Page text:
'Snouts in the trough' attack, as Maersk results are turbo-charged by 80% rate hike
As a harbinger of spectacular results from the liner industry for the final quarter of ...
Maersk has warned that the energy crisis in China and the consequent delays and congestion caused by Covid-19 is disrupting services, but some believe the power problems may lead to falling demand following the rush to get goods to market for Christmas.
Chinese New Year is often seen as the period when demand tails off, but with rising energy prices in China – coal has already doubled in price and a further 20% increase is expected – a Maersk advisory suggests factory output could be hit before the holiday.
Maersk said: “Rationing measures have limited many factories to fewer days of production. As China enters the winter season, where the general need for electricity increases, it is expected that the coal and power supply crunch will continue. The level of disruption to manufacturing will in part depend on the severity of the winter and the corresponding need for electricity for heating purposes.”
With current restrictions affecting 20 out of 31 provinces and a tough winter looming, production in China will struggle to maintain levels seen previously.
“We could see the market taking a bit of a breather, it could be that the traditional dip in demand after Chinese New Year could come early,” said James Hookham, of the Global Shippers’ Forum (GSF).
And Maersk warned: “While consumer needs are expected to be high during the end-of-year holiday shopping season, supply lines are impacted by rising raw material costs, port delays and shortage of shipping containers.”
The carrier advises shippers to monitor supply chains closely so mitigating actions can be taken, to remain in contact with vendors and, if necessary, to contact the carrier to discuss any actions that can help with delays.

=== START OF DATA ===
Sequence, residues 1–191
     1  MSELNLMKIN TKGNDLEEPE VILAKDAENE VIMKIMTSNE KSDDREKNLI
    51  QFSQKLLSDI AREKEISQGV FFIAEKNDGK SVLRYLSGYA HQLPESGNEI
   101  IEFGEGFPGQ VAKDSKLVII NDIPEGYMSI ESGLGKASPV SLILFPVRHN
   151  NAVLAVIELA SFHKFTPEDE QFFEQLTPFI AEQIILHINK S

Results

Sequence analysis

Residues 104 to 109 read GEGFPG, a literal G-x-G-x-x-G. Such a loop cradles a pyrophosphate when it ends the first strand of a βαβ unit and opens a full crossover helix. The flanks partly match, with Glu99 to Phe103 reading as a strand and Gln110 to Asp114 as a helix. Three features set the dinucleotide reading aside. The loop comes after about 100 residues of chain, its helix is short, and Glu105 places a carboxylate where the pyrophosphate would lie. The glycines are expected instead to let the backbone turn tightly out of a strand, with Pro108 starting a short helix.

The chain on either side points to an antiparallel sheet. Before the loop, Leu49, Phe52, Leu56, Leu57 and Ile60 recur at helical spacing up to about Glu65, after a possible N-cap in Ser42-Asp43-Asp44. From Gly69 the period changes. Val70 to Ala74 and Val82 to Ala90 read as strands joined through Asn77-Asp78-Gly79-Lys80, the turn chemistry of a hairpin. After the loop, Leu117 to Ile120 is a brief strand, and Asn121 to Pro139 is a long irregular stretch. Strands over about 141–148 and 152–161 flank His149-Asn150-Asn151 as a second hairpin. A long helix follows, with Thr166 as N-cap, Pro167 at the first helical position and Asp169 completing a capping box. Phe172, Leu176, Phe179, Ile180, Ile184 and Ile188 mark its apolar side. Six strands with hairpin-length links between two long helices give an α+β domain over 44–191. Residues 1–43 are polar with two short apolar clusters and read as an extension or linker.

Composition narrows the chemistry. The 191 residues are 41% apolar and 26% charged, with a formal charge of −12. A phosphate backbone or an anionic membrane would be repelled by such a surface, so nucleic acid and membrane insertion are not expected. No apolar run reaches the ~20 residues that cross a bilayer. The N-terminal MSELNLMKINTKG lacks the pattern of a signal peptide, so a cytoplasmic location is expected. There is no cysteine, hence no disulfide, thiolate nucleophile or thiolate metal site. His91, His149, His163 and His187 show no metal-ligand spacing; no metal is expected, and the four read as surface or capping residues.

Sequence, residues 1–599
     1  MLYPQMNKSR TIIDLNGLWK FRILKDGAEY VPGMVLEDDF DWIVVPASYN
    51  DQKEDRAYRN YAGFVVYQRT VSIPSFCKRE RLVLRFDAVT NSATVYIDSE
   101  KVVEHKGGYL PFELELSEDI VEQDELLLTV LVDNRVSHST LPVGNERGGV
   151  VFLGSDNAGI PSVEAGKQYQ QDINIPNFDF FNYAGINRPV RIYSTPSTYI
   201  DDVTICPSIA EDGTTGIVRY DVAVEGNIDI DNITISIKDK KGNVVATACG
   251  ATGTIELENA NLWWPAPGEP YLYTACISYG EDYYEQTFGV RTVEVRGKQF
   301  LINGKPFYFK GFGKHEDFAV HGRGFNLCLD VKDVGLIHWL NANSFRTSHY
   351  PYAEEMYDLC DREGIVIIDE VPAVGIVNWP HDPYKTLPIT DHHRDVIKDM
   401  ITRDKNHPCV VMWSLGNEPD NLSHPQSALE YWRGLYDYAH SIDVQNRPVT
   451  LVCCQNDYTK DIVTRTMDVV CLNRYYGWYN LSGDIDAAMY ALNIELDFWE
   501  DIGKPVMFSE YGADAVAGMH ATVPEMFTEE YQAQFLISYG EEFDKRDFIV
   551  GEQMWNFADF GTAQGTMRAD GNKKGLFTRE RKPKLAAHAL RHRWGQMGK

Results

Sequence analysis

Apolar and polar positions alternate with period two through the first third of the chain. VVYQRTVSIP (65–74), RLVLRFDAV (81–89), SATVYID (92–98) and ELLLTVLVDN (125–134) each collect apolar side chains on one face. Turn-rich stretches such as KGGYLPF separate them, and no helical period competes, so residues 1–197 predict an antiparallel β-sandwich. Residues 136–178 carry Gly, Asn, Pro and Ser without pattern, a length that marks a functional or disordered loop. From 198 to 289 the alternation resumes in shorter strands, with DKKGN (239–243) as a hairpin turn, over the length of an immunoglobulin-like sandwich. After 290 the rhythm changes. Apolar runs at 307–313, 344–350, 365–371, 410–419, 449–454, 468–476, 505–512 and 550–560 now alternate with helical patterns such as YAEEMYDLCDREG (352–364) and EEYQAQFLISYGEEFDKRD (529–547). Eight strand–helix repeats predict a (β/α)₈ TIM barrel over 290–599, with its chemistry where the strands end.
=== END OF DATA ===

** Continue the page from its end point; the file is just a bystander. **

Recently shippers, however, have complained that contacting shipping lines had become virtually impossible since the outbreak of the pandemic, with lines not answering phones or responding to emails.
With China experiencing production issues and effects of the trade dispute under the previous US administration, it has led many businesses to relocate to other Asian countries, such as Vietnam and Indonesia, which could offset, at least to some extent, any decline in demand from China, according to Mr Hookham.
He thinks Chinese New Year will be “the landmark point which will show the industry which way freight rates will go in 2022”, and added: “My guess is that they will stay high, as the changes in the supply chain are a structural shift, not something more transient.
“We’ll see how the market behaves when there is a change in demand, and that will show regulators how responsive the market is to change,” he said.
Perhaps more pertinently, Mr Hookham pointed out that China was purchasing as much coal as possible and securing gas to maintain output – “energy all coming from fossil fuels”.
According to Mr Hookham, the narrative from manufacturers and major corporates is changing as pressure on prices grows, with companies initially expecting to soak up major price hikes in supply chains. But a US markets specialist has analysed the annual reports of major US corporations, including Ford, Amazon, McDonald’s and Microsoft, and they are saying they are confident they will be able to pass price increases on to consumers.
Those market pressures include increased wage bills, higher production costs and supply chain increases, and while initially these companies believed they could soak these higher costs up, that is looking less likely.